3. Spray Foam Exterior Insulation with Stand-Off Furring

    SciTech Connect (OSTI)

    Herk, A.; Baker, R.; Prahl, D.

    2014-03-01

    IBACOS, in collaboration with GreenHomes America, was contracted by the New York State Energy Research and Development Authority to research exterior wall insulation solutions. This research investigated cost-effective deep energy retrofit (DER) solutions for improving the building shell exterior while achieving a cost-reduction goal, including reduced labor costs to reach a 50/50 split between material and labor. The strategies included exterior wall insulation plus energy upgrades as needed in the attic, mechanical and ventilation systems, and basement band joist, walls, and floors. The work can be integrated with other home improvements such as siding or window replacement. This strategy minimizes physical connections to existing wall studs, encapsulates existing siding materials (including lead paint) with spray foam, and creates a vented rain screen assembly to promote drying. GreenHomes America applied construction details created by IBACOS to a test home. 2x4 framing members were attached to the wall at band joists and top plates using 'L' clips, with spray foam insulating the wall after framing was installed. Windows were installed simultaneously with the framing, including extension jambs. The use of clips in specific areas provided the best strength potential, and 'picture framing' the spray foam held the 2x4s in place. Short-term testing was performed at this house, with monitoring equipment installed for long-term testing. Testing measurements will be provided in a later report, as well as utility impact (before and after), costs (labor and materials), construction time, standard specifications, and analysis for the exterior wall insulation strategy.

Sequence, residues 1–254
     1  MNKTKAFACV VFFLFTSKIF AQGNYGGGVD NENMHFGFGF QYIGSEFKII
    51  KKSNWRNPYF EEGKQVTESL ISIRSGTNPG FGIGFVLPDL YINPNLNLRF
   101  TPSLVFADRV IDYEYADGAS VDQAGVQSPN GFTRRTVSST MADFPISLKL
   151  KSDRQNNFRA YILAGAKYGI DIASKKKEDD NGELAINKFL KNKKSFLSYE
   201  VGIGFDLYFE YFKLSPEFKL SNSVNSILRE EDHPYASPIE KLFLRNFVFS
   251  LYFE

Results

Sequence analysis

4. Method and apparatus for atomization and spraying of molten metals

    DOE Patents [OSTI]

    Hobson, D.O.; Alexeff, I.; Sikka, V.K.

    1988-07-19

    A method and device for dispersing molten metal into fine particulate spray, the method comprises applying an electric current through the molten metal and simultaneously applying a magnetic field to the molten metal in a plane perpendicular to the electric current, whereby the molten metal is caused to form into droplets at an angle perpendicular to both the electric current and the magnetic field. The device comprises a structure for providing a molten metal, appropriately arranged electrodes for applying an electric current through the molten metal, and a magnet for providing a magnetic field in a plane perpendicular to the electric current. 11 figs.

  5. Pressurized feed-injection spray-forming apparatus

    DOE Patents [OSTI]

    Berry, Ray A. (Idaho Falls, ID); Fincke, James R. (Idaho Falls, ID); McHugh, Kevin M. (Idaho Falls, ID)

    1995-01-01

    A spray apparatus and method for injecting a heated, pressurized liquid in a first predetermined direction into a pressurized gas flow that is flowing in a second predetermined direction, to provide for atomizing and admixing the liquid with the gas to form a two-phase mixture. A valve is also disposed within the injected liquid conduit to provide for a pulsed injection of the liquid and timed deposit of the atomized gas phase. Preferred embodiments include multiple liquid feed ports and reservoirs to provide for multiphase mixtures of metals, ceramics, and polymers.

  6. Spray forming system for producing molds, dies and related tooling

    DOE Patents [OSTI]

    McHugh, Kevin M. (Idaho Falls, ID)